Generally, an example of an effective way of confirming the legitimacy of a popular source is cross checking the facts given by multiple popular sources under the keyword that was searched. Wikipedia, while not entirely reliable can be used as one of the cross checking sources and findinding scholarly sources to help confirm the legitimacy of what the popular source is stating. Another example of seeing how legitimate a popular source is making sure to prioritize researching the author of the popular source to make sure their credentials are valid and likely to affirm an understanding of the topic they are writing about.

Since I have brought up the term keyword, it is vital that I explain what it means. A keyword is simply the words in a search that help a search engine determine what items to bring up as the primary search results. Using keywords and the correct form of searching is an excellent means of getting more effective and specialized knowledge and information on a search.

Examples of using keywords effectively would be as follows:

Say you are looking up information on the information between the migrant crisis and right wing populist platforms:

  • Migrant Crisis Statistics

  • Right wing populism worldwide

  • Xenophobia in Europe

  • Xenophobia in America


Week 5: A popular source is one that is written for anyone and everyone. It doesn’t necessarily have to be an academic source, just one with a strong opinion towards a certain topic. Popular sources can come in any form, and include newspapers, blog posts, online articles, and even social media posts. Popular sources are useful in the sense that they can provide access to many other sources. Even if the popular source is considered unreliable- the links or information provided can be a great stepping stone in discovering reliable sources.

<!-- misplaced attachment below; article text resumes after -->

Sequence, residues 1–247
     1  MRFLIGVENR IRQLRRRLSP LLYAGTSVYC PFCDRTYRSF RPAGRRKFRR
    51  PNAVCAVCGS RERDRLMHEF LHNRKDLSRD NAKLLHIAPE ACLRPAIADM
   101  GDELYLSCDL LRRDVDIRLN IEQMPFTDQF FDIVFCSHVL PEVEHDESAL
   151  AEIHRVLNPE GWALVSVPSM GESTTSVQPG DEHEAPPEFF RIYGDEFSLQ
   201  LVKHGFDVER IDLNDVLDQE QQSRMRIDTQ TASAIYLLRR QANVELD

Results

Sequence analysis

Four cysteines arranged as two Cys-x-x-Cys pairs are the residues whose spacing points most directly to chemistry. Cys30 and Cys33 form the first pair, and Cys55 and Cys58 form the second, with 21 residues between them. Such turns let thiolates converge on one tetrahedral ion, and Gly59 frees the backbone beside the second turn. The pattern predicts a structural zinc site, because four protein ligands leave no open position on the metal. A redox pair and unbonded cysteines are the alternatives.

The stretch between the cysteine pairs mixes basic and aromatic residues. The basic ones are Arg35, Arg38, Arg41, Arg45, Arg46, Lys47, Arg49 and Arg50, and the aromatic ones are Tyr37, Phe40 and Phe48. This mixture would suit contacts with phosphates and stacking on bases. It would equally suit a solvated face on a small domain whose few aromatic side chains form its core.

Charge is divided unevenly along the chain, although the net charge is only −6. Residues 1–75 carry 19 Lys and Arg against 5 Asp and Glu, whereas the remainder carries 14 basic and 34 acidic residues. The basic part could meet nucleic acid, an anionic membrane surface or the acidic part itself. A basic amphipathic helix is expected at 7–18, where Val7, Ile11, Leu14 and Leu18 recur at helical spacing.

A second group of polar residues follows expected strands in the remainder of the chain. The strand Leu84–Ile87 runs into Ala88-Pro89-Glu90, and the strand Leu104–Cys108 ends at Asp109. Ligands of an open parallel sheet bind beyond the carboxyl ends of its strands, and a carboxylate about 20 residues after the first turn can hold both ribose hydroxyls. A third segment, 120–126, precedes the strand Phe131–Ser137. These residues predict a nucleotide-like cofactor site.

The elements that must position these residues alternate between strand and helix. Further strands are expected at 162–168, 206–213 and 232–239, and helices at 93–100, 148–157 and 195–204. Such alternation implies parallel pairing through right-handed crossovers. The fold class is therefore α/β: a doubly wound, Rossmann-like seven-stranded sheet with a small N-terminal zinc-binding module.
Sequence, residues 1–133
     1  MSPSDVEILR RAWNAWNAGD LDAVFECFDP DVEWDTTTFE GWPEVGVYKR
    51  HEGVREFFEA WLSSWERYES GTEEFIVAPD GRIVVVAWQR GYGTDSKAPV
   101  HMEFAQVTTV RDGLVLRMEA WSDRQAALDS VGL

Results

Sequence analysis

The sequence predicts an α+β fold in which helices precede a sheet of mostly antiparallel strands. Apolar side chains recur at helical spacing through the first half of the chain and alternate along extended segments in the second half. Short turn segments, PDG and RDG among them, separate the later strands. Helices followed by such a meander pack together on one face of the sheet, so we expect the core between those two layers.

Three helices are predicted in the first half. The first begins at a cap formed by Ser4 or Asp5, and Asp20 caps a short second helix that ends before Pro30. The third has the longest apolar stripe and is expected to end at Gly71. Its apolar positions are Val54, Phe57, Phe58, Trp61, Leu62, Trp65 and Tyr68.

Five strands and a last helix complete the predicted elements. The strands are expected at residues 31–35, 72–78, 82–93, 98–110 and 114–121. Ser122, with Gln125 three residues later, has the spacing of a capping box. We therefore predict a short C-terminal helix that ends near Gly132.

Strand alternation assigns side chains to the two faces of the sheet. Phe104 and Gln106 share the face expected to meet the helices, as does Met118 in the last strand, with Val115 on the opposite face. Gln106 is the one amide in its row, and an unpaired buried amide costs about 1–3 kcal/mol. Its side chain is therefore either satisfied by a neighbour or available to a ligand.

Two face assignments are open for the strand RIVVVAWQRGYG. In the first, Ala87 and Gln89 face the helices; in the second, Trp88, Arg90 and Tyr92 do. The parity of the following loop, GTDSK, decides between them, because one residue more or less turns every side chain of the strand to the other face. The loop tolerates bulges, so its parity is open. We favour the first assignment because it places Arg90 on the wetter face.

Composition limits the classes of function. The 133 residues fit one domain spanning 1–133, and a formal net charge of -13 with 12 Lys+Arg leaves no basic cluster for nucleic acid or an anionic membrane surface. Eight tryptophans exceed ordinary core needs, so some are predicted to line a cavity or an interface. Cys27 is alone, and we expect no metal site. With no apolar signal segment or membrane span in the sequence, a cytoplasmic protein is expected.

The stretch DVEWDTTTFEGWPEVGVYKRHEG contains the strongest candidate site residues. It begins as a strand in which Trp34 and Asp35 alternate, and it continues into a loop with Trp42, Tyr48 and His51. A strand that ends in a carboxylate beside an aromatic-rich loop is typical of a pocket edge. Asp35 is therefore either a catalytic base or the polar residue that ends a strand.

An effective method in evaluating the credibility of a popular source, or any source for the matter, is using something called a “PARCA” test. The PARCA test is used to evaluate sources in terms of Purpose (Why the resource exists), Authority (Who wrote/published the resource), Relevance (If the resource meets your needs or contains information that is relevant to the topic), Currency (how current the source is), as well as, Accuracy (if the information is reliable and supported by evidence). The PARCA test is a great way to challenge a source that may seem misleading. For example, if a source is written by a Professor of Economics, and focuses heavily on one side of an argument without bringing up the opposing argument, with little external evidence- the part of the PARCA test that challenges this is both Authority and Accuracy. The authority is challenged due to the fact that the professor may seem to show bias towards a certain area, and without external evidence such as other sources to confirm/deny a particular point, it’s difficult to rule out opinion vs fact.

A “keyword” is a term used to narrow the search of a particular topic. For example, if researching the topic of “plastic pollution in oceans,” you may not want to narrow down the search to things relating to the topic in order to understand the bigger picture. Some keywords i’ve come up with regarding my topic of “plastic pollution in oceans” are:

  • Mictroplastics in ocean

  • Recycling benefits

  • Marine environment vs plastic

  • Plastic vs people

  • recyclable products

Week 6: There are two scholarly articles that I have found, that are helpful for my podcast episode. The two sources allow me to solidify my argument, as well as, reinforce Susmita Baral’s argument from her article (the original article on which i am basing my podcast on).